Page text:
Consumer Confidence Improved in August, Reaching 16-Year High

Paterniano Del Favero
Agosto 29, 2017

A customer stands in front of a wall of flat panel televisions at a Best Buy store June 19, 2007.

The Conference Board publishes its monthly Consumer Confidence Index reading Tuesday shortly after the market opens, and some strategists are expecting to see a pickup after a slight decline.

US consumers' confidence in the economy unexpectedly strengthened in August to their strongest level in five months, buttressed by optimism about current business conditions, a survey released on Tuesday showed.

Economists polled by MarketWatch had expected the index to rise to 122.5 in August from the initial July estimate of 121.1, which was cut to 120.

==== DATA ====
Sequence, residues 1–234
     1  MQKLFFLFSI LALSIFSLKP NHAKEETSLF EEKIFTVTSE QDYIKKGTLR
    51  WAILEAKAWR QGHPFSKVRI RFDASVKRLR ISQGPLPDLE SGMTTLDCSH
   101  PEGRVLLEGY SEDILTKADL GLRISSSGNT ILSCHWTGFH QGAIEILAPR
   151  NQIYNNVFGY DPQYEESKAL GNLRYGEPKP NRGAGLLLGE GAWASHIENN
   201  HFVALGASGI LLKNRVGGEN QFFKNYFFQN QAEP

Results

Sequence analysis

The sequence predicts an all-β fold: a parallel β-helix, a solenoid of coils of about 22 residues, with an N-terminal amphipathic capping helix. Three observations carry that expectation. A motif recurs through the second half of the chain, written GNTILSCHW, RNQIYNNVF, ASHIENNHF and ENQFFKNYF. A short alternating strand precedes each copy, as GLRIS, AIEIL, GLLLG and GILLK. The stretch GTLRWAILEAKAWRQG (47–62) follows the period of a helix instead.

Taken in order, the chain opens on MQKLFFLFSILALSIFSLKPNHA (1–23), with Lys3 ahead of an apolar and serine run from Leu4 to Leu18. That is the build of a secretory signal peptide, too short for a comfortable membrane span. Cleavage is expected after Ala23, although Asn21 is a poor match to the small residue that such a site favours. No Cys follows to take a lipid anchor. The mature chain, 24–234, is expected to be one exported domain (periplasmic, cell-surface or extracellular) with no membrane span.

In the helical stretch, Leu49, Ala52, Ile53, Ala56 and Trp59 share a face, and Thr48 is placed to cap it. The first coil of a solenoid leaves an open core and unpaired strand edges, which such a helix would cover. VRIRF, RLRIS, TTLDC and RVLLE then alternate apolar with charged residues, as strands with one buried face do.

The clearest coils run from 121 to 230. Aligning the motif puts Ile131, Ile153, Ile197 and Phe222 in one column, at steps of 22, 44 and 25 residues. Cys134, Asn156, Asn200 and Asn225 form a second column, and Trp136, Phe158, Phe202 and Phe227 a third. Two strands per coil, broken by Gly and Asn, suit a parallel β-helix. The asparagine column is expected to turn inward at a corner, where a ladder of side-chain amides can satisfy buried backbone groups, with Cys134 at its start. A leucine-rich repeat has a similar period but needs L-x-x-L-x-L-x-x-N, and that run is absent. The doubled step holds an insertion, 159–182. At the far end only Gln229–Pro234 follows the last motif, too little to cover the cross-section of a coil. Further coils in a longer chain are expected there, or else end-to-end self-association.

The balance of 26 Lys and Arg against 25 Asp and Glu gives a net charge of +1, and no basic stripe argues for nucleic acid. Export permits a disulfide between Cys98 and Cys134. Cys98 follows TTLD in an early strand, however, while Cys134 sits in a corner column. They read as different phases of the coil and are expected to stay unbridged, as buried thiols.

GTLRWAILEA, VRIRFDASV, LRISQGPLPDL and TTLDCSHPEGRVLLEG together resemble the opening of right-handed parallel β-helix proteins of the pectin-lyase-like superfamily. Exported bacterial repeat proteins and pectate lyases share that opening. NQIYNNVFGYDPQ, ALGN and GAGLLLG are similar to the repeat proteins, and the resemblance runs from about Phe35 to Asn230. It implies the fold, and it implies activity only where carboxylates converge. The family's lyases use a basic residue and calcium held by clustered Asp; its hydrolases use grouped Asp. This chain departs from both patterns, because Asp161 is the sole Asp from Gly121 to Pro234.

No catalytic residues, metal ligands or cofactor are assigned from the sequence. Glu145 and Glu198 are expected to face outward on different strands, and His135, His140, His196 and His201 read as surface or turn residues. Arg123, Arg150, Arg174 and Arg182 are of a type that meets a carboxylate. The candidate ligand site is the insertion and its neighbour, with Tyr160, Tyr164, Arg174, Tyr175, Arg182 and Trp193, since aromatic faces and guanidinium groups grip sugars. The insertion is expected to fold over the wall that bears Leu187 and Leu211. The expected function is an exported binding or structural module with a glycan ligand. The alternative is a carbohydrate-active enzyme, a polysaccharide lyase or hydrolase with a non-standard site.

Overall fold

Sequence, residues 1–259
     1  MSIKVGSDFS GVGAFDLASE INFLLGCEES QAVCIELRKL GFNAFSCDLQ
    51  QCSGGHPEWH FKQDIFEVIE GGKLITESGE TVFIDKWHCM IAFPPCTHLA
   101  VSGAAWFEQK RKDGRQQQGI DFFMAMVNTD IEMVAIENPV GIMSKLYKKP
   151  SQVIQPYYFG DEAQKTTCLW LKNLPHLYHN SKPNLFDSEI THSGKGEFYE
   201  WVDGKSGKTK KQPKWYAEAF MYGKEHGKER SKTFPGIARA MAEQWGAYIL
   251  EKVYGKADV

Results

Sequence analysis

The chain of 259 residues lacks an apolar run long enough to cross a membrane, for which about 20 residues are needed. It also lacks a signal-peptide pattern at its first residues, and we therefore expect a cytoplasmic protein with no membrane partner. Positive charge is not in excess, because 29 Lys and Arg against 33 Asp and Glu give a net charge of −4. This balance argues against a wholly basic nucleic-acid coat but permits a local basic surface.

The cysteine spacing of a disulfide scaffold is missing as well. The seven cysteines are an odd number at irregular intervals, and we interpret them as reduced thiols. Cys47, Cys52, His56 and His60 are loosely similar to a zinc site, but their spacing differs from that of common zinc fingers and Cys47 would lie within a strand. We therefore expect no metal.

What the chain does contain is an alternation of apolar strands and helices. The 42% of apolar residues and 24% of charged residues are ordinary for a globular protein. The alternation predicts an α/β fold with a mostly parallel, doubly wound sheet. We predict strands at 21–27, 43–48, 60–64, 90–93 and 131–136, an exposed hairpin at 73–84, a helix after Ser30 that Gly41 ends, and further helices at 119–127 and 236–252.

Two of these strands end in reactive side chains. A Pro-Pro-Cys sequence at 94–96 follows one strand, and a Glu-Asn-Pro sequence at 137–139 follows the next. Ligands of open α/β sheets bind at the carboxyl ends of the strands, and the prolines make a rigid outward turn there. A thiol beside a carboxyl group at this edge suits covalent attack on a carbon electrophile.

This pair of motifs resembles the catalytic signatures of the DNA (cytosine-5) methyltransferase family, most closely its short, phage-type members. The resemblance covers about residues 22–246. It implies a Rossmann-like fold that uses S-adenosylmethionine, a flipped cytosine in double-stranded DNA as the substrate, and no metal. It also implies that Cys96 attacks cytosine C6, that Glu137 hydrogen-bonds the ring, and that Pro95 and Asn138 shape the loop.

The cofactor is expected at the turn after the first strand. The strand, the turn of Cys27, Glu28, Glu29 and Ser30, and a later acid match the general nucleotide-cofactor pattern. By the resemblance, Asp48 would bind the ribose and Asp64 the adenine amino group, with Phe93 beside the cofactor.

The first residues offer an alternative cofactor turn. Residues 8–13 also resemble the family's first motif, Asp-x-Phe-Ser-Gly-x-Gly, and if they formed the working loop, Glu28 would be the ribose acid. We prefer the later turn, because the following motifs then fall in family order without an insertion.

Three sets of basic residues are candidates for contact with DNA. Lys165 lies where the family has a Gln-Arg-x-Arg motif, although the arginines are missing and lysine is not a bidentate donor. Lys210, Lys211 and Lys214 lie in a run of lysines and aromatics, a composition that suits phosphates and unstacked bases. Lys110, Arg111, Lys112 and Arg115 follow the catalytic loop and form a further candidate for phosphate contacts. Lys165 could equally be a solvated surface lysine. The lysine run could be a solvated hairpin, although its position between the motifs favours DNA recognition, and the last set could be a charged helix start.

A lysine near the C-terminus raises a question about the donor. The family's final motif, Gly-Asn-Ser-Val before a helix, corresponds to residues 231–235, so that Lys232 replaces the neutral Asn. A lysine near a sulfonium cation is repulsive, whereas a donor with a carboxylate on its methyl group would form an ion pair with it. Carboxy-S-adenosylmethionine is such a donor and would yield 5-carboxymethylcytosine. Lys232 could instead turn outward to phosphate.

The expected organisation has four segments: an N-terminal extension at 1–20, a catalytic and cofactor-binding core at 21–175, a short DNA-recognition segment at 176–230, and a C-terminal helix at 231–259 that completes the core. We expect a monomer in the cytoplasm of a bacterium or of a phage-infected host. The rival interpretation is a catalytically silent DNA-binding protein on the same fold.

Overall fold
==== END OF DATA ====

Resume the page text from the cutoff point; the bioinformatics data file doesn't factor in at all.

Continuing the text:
The latest confidence reading was strongest since 124.9 in March which was the highest since December 2000. Spending by households has contributed to gross-domestic-product growth in the first half of the year.

The Consumer Confidence Index jumped almost three points to 122.9, while the present situation index added almost six points to 151.2, near a 16-year high.

During the same period, the Consumer Price Index rose 1.3 percent, and average pre-tax income per consumer increased 7.2 percent to $74,664.

"Consumer confidence increased in August following a moderate improvement in July", said Lynn Franco, Director of Economic Indicators at The Conference Board.

Consumers' optimism about the short-term outlook was relatively flat in August.

The current assessment of the labor market improved somewhat, with a slightly higher share of respondents saying jobs are "plentiful" and slightly less saying jobs are "hard to get", the survey showed.

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